Traditional media’s growing coalignment with content marketing is evident. Part 1 of this article covers how people used to consume media like periodicals and why. It also covers how traditional media is changing due to market pressure and new revenue streams.
Ironically, such adaptation directly contradicts with traditional media’s credibility. Are opinions bought or lazy? Do events receive first-hand investigations? Journalists, for the time being, are more incentivized to write opinion pieces rather than pursue actual ‘scoops.’
Such opinion pieces, in turn, derive from other content -including content that emphasizes marketing. However, this article is not about the validity of 21st century journalism. Instead, it is about the phenomena of self-perpetuating content loops…and what marketers can learn from it.
Responsiveness, Opinions, and Direction
Journalists and other writers often have opinions -and plenty of them. Events happen and commenters share their ideas, often about the opinions of others. While find and dandy, merely writing opinions about opinions does little to reveal *new* information. Instead, it is recycling facts for reexaminations. This does two things:
- Perpetuate old information
- Narrow focus on popular topics or trends
Readers are not the sole affected party. Journalists, in fact, very well might be more affected. After all, they are the ones pouring over content looking for stories or inspiration. It also directs them. Yes, there is incentive. Today’s media outlets demand greater, broader, output to net online readers. It expands the potential topics that writers can cover. The information they are writing about, though, are often already available online. Journalists need only Google something and use good sense to write an informed opinion.
However, limiting research to the internet does more than just narrow focus. It also impacts what the writer is likely to cover. Details, opinions, and descriptions can be recycled wholesale. All writers, nowadays, need do is add a bit of spin. Bam! The media outlet’s readership is informed about something all media outlets are likely covering -just in a scope and frame they expect.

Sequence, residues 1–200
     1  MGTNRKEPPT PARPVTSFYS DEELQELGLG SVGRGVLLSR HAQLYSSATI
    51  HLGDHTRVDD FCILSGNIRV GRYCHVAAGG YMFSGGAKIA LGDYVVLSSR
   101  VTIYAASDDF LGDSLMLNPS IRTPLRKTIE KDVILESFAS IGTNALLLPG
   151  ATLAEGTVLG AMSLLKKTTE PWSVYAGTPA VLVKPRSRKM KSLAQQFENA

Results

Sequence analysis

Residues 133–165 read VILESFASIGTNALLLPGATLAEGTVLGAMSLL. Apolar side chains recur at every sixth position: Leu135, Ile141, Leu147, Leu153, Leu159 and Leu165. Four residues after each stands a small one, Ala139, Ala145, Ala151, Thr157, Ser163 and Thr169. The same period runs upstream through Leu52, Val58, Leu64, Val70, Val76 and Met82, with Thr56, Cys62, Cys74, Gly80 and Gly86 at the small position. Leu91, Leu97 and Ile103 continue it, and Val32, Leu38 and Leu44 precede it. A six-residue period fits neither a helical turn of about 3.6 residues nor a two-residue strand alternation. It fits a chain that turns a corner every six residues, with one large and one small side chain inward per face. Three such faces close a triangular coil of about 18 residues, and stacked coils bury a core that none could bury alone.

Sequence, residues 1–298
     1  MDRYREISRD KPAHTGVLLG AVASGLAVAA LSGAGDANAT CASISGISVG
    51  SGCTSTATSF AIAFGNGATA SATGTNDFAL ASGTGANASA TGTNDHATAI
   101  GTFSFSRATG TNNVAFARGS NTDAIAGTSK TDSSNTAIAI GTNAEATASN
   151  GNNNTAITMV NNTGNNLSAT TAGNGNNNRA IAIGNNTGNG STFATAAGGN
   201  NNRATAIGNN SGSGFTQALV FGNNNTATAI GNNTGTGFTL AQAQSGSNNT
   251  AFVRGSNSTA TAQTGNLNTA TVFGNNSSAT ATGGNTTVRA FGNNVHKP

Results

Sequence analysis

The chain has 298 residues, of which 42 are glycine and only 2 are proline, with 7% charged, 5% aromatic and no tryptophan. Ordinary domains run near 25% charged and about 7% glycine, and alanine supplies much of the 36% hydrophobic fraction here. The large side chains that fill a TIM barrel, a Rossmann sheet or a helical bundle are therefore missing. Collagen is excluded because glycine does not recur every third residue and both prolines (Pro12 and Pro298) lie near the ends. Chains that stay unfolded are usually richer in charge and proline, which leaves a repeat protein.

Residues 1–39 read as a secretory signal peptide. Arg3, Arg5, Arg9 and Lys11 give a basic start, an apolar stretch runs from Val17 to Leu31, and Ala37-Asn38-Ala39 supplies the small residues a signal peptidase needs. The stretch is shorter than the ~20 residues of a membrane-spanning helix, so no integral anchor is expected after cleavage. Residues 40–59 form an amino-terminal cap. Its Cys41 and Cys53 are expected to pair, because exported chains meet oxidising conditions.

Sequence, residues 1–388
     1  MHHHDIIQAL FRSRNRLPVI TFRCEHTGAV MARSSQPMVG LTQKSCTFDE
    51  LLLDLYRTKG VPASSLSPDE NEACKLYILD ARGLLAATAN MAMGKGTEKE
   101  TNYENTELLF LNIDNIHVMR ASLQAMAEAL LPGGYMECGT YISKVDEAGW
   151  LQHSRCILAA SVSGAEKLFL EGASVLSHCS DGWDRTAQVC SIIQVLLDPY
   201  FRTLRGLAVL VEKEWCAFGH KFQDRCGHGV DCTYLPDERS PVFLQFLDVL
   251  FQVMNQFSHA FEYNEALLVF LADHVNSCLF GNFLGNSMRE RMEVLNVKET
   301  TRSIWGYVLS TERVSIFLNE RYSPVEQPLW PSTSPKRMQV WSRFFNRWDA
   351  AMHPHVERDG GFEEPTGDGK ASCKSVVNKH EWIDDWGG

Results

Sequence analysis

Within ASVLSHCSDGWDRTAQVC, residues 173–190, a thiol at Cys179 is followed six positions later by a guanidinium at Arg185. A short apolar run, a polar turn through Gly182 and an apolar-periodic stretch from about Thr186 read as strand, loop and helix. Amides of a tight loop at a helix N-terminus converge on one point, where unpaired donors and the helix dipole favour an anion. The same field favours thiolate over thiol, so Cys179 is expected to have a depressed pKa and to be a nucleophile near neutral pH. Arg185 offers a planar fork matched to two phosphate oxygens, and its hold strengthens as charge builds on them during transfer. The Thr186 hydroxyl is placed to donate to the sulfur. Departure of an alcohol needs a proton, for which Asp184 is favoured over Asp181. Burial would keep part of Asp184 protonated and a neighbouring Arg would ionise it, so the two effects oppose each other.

Content Perpetuation and Relevance
There are some similarities between journalism and content marketing…but there are a lot of differences. The former, purportedly, is to inform. And the later does that too…but often on a less comprehensive level.
Persuasion is the purpose of any info in a good content marketing piece. It exists to elicit an action, not just an interest. But that does not mean journalism and content marketing are mutually exclusive. Far from it, actually.
Smart content marketers leverage news stories and studies. They pay attention to the general media landscape and reference events, people, and products. However, they do so with careful consideration of their readers. Adopting their viewpoint, or writing for said viewpoint, is often critical for success.
It’s evident, however, that online revenue streams deincentivize strict adherence to the ‘facts only’ approach. In fact, it seems journalists are clamoring to prove a point rather than find the right facts. Content marketers should always be leery of falling into their own, or other, marketing funnels.
Pic courtesy of Jessica Spengler via Creative Commons